WCM Chart of the Week for November 8, 2019

The global rally in stocks and key US equity indices hitting all-time highs are again garnering the majority of the financial press’ collective attention. We however prefer to focus on government bond markets. Long-term interest rates may have bottomed towards the end of this past summer. 10-year government bond yields in key developed economies are on the upswing and may even have positive readings in Japan and the Eurozone before year end. We find the upward interest rate trajectory interesting in the context of the US Federal Reserve’s recent decision to lower its target rate. It is encouraging that yields are rising together which may be a signal that economic conditions across the globe are stabilizing and safe haven asset prices are falling. [chart courtesy Bloomberg LP © 2019]

WCM Chart of the Week for November 1, 2019

Growth stocks in the US have outperformed value stocks for the better part of the past three years with the exception of the US Fed induced sell off at the end of last year. However, since mid-August value stocks have outpaced growth stocks by a considerable amount rallying nearly 8% versus 3.5% according to S&P 500 Value and Growth indices.  If value stocks can continue to outperform or even keep pace with the overall market, we would view this as a positive development because it could mean that broader participation is developing.  That is important because the S&P 500’s largest the sector, Information Technology, continues to outperform, powering the market higher.  We find this interesting because usually technology stocks outperform with growth leading value. [chart courtesy Bloomberg LP © 2019]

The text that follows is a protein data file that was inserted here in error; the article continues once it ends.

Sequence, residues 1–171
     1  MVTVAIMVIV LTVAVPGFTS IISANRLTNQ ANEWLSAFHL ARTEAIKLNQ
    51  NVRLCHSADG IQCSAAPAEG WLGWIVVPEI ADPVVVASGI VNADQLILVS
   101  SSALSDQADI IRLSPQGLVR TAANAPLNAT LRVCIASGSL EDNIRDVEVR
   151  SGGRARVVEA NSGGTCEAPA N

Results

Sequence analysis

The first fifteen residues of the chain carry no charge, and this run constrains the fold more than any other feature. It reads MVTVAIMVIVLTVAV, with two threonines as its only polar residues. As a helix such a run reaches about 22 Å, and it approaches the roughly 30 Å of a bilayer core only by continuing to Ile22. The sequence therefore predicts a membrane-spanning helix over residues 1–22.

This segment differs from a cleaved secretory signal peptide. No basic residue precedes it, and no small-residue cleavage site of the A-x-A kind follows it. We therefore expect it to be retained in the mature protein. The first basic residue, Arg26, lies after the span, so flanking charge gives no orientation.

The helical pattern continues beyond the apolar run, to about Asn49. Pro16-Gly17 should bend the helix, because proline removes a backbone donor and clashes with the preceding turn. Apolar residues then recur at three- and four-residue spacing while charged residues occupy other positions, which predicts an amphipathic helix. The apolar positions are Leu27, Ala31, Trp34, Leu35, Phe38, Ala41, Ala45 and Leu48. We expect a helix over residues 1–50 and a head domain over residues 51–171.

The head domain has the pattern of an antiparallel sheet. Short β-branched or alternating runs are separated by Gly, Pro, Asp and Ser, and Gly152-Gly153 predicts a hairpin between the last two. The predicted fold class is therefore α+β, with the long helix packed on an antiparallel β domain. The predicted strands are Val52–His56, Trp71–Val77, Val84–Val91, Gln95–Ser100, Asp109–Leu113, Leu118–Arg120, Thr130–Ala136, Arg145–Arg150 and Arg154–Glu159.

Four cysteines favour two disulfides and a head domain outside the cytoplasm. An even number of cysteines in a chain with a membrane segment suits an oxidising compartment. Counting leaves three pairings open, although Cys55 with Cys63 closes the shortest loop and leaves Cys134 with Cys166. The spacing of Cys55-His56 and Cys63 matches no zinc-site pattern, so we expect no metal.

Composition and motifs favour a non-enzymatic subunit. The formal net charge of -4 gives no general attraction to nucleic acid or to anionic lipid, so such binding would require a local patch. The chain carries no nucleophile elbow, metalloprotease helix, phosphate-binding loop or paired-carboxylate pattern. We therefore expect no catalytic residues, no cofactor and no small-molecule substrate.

WCM Chart of the Week for Oct. 11, 2019

Volatility in US Treasury prices has been building for the past six months or so as measured by the ICE Bank of America Merrill Lynch Move Index. That is not all that surprising given the magnifying effect even small interest rate movements have on Treasury prices in today’s low rate environment.  The challenge investors face is that bonds, particularly longer-dated issues, offer anemic income streams and the likelihood of principal erosion as rates rise to more normal levels.  We continue to maintain lower duration within fixed income allocations than our benchmark because we believe that the long end of the yield curve, here and abroad, offers little investment merit and the potential for a great deal of volatility.

WCM Chart of the Week for September 6, 2019

WCM Chart of the Week for September 6, 2019.  Large Cap US stocks continue to outperform with the S&P 500 total return reaching 20.7% YTD through (September 5, 2019).  This end of the US equity market, in particular, the Technology sector, contains the world’s strongest performers so far in 2019.  US Small Cap equities however have lagged considerably, only gaining 13.2% over the same time period while global stocks as measured by the FTSE Global All Cap Index have advanced 15.8%.